For months, Hillary Clinton has maintained that she neither received nor sent any classified material from her ill-secured private server when she was Secretary of State under President Obama. She stood by that story even after the State Department released thousands of redacted emails that had been marked classified after the fact. If they weren’t marked that way at the time, her story remains true, right?
Well, intelligence officials have disputed that, telling anyone who will listen that it is not just a message’s classified markings that make the message classified. It’s the content of that message. And someone in a position as powerful as Hillary Clinton’s should have known the difference between sensitive information and information that could be released to the public without causing a national security crisis.
And so then her defense changed a little. True, okay, she may have accidentally exposed classified information to any hacker interested in her server. But let’s not talk about that! Let’s talk about the overclassification of this information! Not in the context of Barack Obama’s extraordinarily-secretive administration, but rather in the context that really matters: The fact that it’s so damn inconvenient for people like Hillary Clinton. She can’t be dedicating her whole life to this job, ya know? She’s got stuff to do. Campaigns to plan. TV shows to watch. With all that going on, she’s supposed to carry TWO email devices? How burdensome.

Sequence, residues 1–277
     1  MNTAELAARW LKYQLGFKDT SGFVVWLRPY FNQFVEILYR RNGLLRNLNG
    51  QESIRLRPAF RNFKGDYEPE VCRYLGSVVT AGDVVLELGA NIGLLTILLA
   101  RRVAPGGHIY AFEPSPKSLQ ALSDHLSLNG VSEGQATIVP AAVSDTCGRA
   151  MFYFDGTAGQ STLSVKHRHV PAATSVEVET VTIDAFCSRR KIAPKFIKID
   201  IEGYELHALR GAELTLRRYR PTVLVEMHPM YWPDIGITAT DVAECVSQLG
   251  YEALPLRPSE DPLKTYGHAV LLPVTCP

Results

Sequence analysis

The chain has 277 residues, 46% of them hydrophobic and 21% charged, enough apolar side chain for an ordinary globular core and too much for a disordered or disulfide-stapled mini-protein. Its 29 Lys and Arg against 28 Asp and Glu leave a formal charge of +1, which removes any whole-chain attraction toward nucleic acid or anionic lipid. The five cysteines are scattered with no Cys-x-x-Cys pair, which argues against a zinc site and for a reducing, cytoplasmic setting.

But still she carried on with the original lie, yet to be disproven: That she had not ever sent or received an email from that server marked classified at the time.
Which now puts her in a rather thorny situation.
According to a new report from Fox News, Hillary was sent an email in April 2012 that was indeed “marked classified at the time.” It went straight to her server, and from her server it was retrieved.
The email has been heavily redacted, and, in fairness, the subject matter does not seem like it would throw our national security into peril. “(C) Purpose of Call: to offer condolences on the passing of President Mukharika and congratulate President Banda on her recent swearing in,” reads a note at the top of the email. It apparently involved a call Hillary made to the first female president of Malawi. No biggie, right?
Well, perhaps. Perhaps not. Since most of the email is blacked out, we can’t say for sure.
But what we can say for sure is that the “(C)” at the top of the message means one thing and one thing only: Confidential. It is one of four possible codes called “portion markings” the federal government may add to messages. The others are “(U)” for Unclassified, “(S)” for Secret, and “(TS)” for Top Secret.
Oh, but don’t worry about it, says Clinton campaign spokesman Brian Fallon. Nuthin’ to see here.
“This email was just a request for Secretary Clinton to make a phone call to express condolences over the passing of the President of Malawi,” he said. “The fact that this email was classified after the fact suggests again that agencies in the government tend to err on the side of classifying even routine matters of diplomacy.”
Er, not quite, Mr. Fallon. This email was not classified “after the fact.” That’s the whole problem. Your candidate’s lies are coming apart, and you’re pretending otherwise.
But even if that weren’t the case, this defense is like telling a jury that you should be excused from shoplifting charges because Tylenol is too damn expensive. That’s the thing about the law; you don’t get to ignore it just because you find it stupid.